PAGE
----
Home ownership has long been the American dream. Owning your home makes for a sense of security that just isn’t possible when you rent. As a renter you’re always at your landlord’s mercy. We know of one woman that rented a condo with a year-long lease, moved in, got settled and then five months later was told by her landlord that he was selling the unit and she would have to move. When you own your home there’s no landlord to please, no danger of getting kicked out and if you poke some holes in the wall to hang pictures, so what? It’s your wall.
You’ve saved money, you’re close to having enough for a down payment and feel you’re ready to take the plunge. As great as that might feel there are some things you need to ask yourself before you make that big purchase and here are seven of them.
How are my finances?
What this means is that you need to take a good look at your spending history. A first step towards this would be to pull your credit reports and check to make sure there are no ancient bills or erroneous items pulling down your score. You can get your credit reports from the three credit reporting bureaus – Experian, Equifax and TransUnion – or on the website www.annualcreditreport.com. If you don’t already have your credit score you need to also get it from a site like Credit Karma or CreditSesame or from one of the credit-reporting bureaus.
Second, go over your receipts from the past year and look for more egregious expenses such as eating out a lot or that week-long vacation in Cozumel that might make it difficult for you to save enough for a 20% down payment.
Third, take a really hard look at your credit card spending. If you find that it exceeds your earnings, you need to get it under control. Then don’t get any new credit for at least a year before you buy a home.
What’s my social life?
Do you enjoy spending your evenings at home watching a movie or entertaining? Do you like to cook for your friends or do you order takeout? Before you buy a house your social activities need to play a big role in the choice you make. If you like to have your friends together at home, put a bigger emphasis on the common areas and kitchen set up. On the other hand, if you spend a lot of time away from your house or apartment you might want to put less emphasis on your kitchen and look for a house with bigger bedrooms.
What’s happening with my career?
Before you buy a house it’s important to consider whether you feel settled in your career or what you’d really like to do is ditch your current job and sign up with the Culinary Institute of America. You may have budgeted for a mortgage that you can afford now but what would happen if your paycheck changes drastically in the next few years or disappears altogether? Of course, you can’t plan for everything that might happen in the future but especially if you check the box marked “Single” on your W-2 you need to think seriously about how stable is that paycheck.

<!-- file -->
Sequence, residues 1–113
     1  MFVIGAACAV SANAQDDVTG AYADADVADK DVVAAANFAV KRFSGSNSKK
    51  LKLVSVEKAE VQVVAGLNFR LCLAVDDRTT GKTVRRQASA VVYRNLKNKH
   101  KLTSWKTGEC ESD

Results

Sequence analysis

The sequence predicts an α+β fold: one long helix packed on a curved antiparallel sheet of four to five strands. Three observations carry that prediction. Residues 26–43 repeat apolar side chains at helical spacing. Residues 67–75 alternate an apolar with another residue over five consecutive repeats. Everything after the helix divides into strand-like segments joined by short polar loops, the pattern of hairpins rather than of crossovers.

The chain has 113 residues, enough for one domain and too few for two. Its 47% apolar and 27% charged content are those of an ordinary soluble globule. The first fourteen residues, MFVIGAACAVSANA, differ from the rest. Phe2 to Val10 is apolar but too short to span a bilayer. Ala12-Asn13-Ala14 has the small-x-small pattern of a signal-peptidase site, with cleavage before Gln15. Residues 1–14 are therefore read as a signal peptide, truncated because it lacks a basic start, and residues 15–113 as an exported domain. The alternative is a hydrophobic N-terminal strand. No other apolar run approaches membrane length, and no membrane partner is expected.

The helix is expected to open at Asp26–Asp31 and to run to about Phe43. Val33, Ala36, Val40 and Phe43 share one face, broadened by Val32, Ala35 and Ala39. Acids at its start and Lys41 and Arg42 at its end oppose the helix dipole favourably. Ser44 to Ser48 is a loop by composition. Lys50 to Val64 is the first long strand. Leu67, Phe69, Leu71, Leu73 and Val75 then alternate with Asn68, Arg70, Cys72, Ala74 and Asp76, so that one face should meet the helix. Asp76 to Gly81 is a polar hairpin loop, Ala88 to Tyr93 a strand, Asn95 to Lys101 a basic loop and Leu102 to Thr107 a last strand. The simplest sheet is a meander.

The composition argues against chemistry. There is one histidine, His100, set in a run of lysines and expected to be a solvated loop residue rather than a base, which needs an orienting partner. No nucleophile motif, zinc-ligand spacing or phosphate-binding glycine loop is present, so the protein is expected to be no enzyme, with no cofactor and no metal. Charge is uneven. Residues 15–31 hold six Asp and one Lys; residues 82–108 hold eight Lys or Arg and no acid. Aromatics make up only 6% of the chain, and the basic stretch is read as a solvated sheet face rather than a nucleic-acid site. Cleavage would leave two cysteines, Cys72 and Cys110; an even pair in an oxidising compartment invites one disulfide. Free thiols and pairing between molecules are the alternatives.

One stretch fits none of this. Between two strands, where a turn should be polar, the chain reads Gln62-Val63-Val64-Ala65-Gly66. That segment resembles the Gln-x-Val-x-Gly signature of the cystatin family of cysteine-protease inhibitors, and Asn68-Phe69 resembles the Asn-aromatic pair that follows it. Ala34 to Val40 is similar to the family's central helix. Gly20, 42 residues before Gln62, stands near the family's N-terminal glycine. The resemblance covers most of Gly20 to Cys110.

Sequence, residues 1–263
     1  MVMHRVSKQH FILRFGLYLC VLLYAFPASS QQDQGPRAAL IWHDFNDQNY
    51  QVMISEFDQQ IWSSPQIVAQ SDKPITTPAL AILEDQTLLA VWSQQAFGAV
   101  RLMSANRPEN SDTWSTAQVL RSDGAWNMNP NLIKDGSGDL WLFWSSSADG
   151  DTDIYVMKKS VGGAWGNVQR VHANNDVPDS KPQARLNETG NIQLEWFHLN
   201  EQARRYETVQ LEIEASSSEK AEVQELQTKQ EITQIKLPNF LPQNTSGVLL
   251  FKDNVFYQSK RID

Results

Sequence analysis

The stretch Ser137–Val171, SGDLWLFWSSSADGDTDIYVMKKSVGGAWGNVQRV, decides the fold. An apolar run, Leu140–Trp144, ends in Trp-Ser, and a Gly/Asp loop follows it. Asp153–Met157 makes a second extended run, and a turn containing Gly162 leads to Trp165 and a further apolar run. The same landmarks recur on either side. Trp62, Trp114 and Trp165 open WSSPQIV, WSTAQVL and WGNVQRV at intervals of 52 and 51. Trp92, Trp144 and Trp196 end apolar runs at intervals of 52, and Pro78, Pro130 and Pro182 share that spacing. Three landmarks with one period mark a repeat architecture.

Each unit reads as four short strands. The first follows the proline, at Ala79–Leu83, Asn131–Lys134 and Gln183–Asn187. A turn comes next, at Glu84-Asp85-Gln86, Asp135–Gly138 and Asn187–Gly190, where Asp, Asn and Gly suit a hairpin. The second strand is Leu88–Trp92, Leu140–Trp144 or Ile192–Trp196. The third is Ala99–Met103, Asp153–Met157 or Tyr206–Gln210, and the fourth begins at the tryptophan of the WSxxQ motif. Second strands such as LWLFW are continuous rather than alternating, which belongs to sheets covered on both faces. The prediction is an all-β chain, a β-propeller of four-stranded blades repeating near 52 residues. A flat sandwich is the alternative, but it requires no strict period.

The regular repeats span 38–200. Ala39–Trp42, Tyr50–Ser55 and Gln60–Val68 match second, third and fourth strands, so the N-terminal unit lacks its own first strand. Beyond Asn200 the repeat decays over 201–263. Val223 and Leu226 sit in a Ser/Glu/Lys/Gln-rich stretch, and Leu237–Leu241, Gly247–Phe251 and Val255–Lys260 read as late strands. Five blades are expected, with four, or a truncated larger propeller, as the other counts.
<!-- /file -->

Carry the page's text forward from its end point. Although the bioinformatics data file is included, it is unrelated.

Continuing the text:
Do I want to travel?
When you read about a guy who sold all of his earthly possessions so he could bike through Africa do you feel insanely jealous or just admire him? While your home won’t necessarily dictate your life for the next 18 or so years the job of selling one is just not as easy as breaking a lease. So, if you’re the type of person who would like to be able to get away occasionally for several months at a time, you might hold off on committing to a 30-year mortgage.
If you think that the cost of owning a home ends when you make your monthly payments, think again. It just costs a heck of a lot to maintain a house. In fact, one of the biggest sticker shocks that hits new homeowners is when they realize there’s no landlord or super to fix that leaking toilet, replace that broken hot water heater or patch your driveway. This means it’s important that you think about how much home maintenance work you can get free by doing it yourself. Can you repair a broken faucet? Swap out a ceiling fan? Rebuild a deck? There’s no shame in not being very handy when it comes to these types of things but if you plan on outsourcing them it’s important to take this into consideration when building your budget.
What’s my five-year plan?
Do you plan to have your significant other move in? Are kids in your future? Is your dream to foster rescue dogs? When you house shop it’s important to think about the life you want in the future as well as the one you now have. While it’s always possible to upgrade by moving to a home with a yard or a nursery don’t assume that it will be easy if your circumstances change. If 2007 taught us anything it’s that when the real estate market is dead or volatile selling your home and buying a new one can be tough.
Who are my friends?
Whether you’ve thought of it this way or not your friends play a big part in how you spend your money. Are you hanging with a crowd where you feel pressured to live beyond your means? Has Sunday brunch become a stressful weekly expense? Are you taking cabs home after a night of dining out because your friends insist? Do you dress to impress? We wouldn’t suggest you ditch your prosperous friends but if they’re keeping you from that dream purchase because you’re having a hard time saving that 20% down payment you’ll either need to learn to say, “no,” or get a new posse.
While the idea of owning your home can be incredibly appealing don’t rush into things until you’ve asked and answered these questions. If not, you could end up seeing that American dream turn into a living nightmare.